Tumor Marker – Part 1 – Definition of Tumor Markers, Staging and Grading
Definition of Tumor Marker
- Tumor markers are the biochemical or immunological counterparts of differentiation state of the tumor.
- Tumor markers represent the expression of the substances produced normally by embryogenically related tissues.
- Tumor markers are the substances found in increased concentration in malignancies in:
- Body fluids.
- Body tissues.
- Tumors markers can be measured:
- Tumors markers can be measured by:
- Chemical methods.
- Immunological methods.
- Molecular biological methods.
- An ideal tumor marker should be both specific and sensitive to detect small tumors in the early stages.
- But unlikely this is not the situation.
- These are found in different tumors even origin from one source.
- These are present in high concentration in malignancies than the benign tissue.
Advantages of tumor marker
- The tumor markers help in the diagnosis, prognosis, and monitoring of the tumor.
- Help in the determination of the progression of the disease.
- Help in the monitoring of the tumor after the treatment.
- It can be used for the Screening of the general population.
- These are helpful for the Clinical staging of the tumors.
- Help for the Evaluation of the success of the treatment.
- Very useful for the Detection of recurrence of the tumor.
- Helpful to decide the immunotherapy.
Staging and Grading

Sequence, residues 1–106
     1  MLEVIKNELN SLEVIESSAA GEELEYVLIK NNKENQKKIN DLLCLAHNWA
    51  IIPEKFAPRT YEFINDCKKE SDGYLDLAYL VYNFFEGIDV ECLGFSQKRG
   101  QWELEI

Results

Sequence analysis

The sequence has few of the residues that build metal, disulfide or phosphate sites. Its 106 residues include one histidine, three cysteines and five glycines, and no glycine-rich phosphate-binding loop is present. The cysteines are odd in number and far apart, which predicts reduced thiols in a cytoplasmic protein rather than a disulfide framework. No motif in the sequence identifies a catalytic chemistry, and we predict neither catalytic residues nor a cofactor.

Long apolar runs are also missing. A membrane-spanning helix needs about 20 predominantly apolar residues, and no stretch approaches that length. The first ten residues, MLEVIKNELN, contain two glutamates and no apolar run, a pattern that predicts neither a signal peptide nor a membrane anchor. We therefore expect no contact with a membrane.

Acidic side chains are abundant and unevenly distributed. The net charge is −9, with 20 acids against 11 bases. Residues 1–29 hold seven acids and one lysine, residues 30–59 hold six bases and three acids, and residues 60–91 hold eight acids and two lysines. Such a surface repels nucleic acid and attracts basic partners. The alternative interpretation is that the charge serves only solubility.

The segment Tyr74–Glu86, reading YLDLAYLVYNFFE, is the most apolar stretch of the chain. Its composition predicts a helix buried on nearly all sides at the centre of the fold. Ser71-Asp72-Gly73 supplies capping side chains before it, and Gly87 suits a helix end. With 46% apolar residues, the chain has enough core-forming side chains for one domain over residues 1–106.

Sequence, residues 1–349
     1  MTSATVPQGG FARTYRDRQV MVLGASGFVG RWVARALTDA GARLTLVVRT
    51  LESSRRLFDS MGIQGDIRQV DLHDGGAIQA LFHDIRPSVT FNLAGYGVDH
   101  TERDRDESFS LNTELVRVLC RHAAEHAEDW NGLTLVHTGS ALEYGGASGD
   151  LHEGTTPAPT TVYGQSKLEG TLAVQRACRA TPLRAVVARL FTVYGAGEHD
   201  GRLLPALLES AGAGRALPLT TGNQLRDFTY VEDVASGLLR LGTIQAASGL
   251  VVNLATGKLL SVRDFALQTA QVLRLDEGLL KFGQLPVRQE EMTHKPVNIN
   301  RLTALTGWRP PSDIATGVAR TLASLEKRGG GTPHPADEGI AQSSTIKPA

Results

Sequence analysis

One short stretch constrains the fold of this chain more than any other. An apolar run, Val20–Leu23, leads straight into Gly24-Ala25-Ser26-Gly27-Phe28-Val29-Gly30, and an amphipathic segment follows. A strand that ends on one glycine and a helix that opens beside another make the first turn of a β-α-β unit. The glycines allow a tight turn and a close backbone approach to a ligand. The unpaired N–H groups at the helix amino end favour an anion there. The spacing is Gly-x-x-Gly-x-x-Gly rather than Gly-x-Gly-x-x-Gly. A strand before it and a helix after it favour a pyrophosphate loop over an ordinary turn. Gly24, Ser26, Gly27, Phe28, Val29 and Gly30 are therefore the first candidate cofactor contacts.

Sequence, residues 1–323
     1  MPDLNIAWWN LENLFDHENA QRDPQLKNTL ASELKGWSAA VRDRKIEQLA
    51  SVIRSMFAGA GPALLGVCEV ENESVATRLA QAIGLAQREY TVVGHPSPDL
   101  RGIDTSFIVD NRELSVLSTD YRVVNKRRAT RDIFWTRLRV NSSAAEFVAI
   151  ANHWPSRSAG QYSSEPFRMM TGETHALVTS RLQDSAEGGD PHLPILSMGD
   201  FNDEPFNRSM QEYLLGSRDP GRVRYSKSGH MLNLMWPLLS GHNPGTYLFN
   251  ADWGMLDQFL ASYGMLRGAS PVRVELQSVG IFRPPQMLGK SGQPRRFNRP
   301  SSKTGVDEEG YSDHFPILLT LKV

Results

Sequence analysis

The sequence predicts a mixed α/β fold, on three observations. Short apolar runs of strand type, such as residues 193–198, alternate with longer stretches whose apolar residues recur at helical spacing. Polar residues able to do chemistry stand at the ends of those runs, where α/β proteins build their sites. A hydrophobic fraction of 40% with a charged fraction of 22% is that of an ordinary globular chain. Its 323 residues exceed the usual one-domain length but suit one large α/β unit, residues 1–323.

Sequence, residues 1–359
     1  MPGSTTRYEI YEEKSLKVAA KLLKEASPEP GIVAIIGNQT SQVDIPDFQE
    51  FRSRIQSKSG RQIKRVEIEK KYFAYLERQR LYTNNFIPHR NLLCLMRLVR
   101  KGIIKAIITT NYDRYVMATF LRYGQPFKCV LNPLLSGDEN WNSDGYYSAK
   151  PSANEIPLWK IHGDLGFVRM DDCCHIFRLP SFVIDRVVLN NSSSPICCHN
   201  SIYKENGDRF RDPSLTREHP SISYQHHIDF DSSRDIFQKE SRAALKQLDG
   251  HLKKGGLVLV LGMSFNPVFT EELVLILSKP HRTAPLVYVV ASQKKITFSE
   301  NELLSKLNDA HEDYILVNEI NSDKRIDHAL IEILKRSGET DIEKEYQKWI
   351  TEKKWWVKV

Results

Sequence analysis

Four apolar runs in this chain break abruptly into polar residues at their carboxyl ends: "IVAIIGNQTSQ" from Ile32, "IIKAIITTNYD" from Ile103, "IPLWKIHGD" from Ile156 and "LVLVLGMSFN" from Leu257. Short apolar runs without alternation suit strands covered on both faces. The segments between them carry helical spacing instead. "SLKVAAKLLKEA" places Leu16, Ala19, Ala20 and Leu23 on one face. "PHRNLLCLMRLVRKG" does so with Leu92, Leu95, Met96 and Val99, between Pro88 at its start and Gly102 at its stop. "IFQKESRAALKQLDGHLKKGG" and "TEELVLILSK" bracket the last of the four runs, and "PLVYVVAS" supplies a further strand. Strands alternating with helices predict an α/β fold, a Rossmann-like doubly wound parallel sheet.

The most common is the TNM classification. This is depending upon the spread of the tumor.
- T = Primary tumor size.
- N = Lymnodal status is the regional lymph nodes involvement.
- M = Metastasis of the tumor describes the distant spread of the tumor.
- Primary tumor size:
- TX = The Main tumor cannot be measured.
- T0 = Main tumor cannot be found.
- T1 = Size, and extent of the tumor.
- T2 = same as above
- T3 = same as above
- T4 = same as above. As the T1 to T4, similarly, the tumor size increases.
- Lymph nodes status:
- N0 = There is no tumor infiltrate in the near regional lymph nodes.
- N1 to N3 = Indicates the number of lymph nodes involved.
- Distant metastasis:
- M0 = No distant metastasis found.
- M1 = Positive for distant metastasis.
- This is the histologic appearance of the tumor cells how abnormal these tumor cells seen under the microscope.
- This will indicate how the tumor will grow and spread.
This is the histologic differentiation of the tumor. This may be:
- When the tumor cells and organization are near the normal cells and the tissue.
- These tumor cells grow and spread at a slow rate.
- Moderately differentiated.
- Poorly differentiated. When the tumor cells are abnormal and fast-growing.
The tumors are graded as:
- Grade 1, when the tumor cells are near to the normal tissue.
- Grade 2, when the tumor cells slightly away from the normal tissue.
- Grade3, when the tumor cells grow rapidly and faster.
- Grade 4, when the tumor cells grow more rapid and abnormal-looking than the normal tissue.
- The grades are:
- G1= Well-differentiated and low grade.
- G2 = Moderately differentiated and are intermediate grade.
- G3 = Poorly differentiated and are high grade.
- G4 = Undifferentiated and are high grade.
- The latest classification is followed given by the College of the Americal pathologist.
TNM classification objectives are:
- This will help in treatment planning.
- This will give the idea about the prognosis.
- This will evaluate the treatment result.
- It will facilitate the exchange of information between the centers.
- It supports cancer control activities, including cancer registries.
- This will contribute to the investigations of human malignancies. (Source = UICC)